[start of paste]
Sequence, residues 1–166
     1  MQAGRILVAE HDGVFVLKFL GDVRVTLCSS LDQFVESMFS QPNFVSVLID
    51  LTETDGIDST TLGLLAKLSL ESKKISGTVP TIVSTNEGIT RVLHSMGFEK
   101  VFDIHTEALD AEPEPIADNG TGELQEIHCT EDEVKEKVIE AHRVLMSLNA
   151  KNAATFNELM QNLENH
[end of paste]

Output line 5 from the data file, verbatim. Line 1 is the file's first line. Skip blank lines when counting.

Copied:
   151  KNAATFNELM QNLENH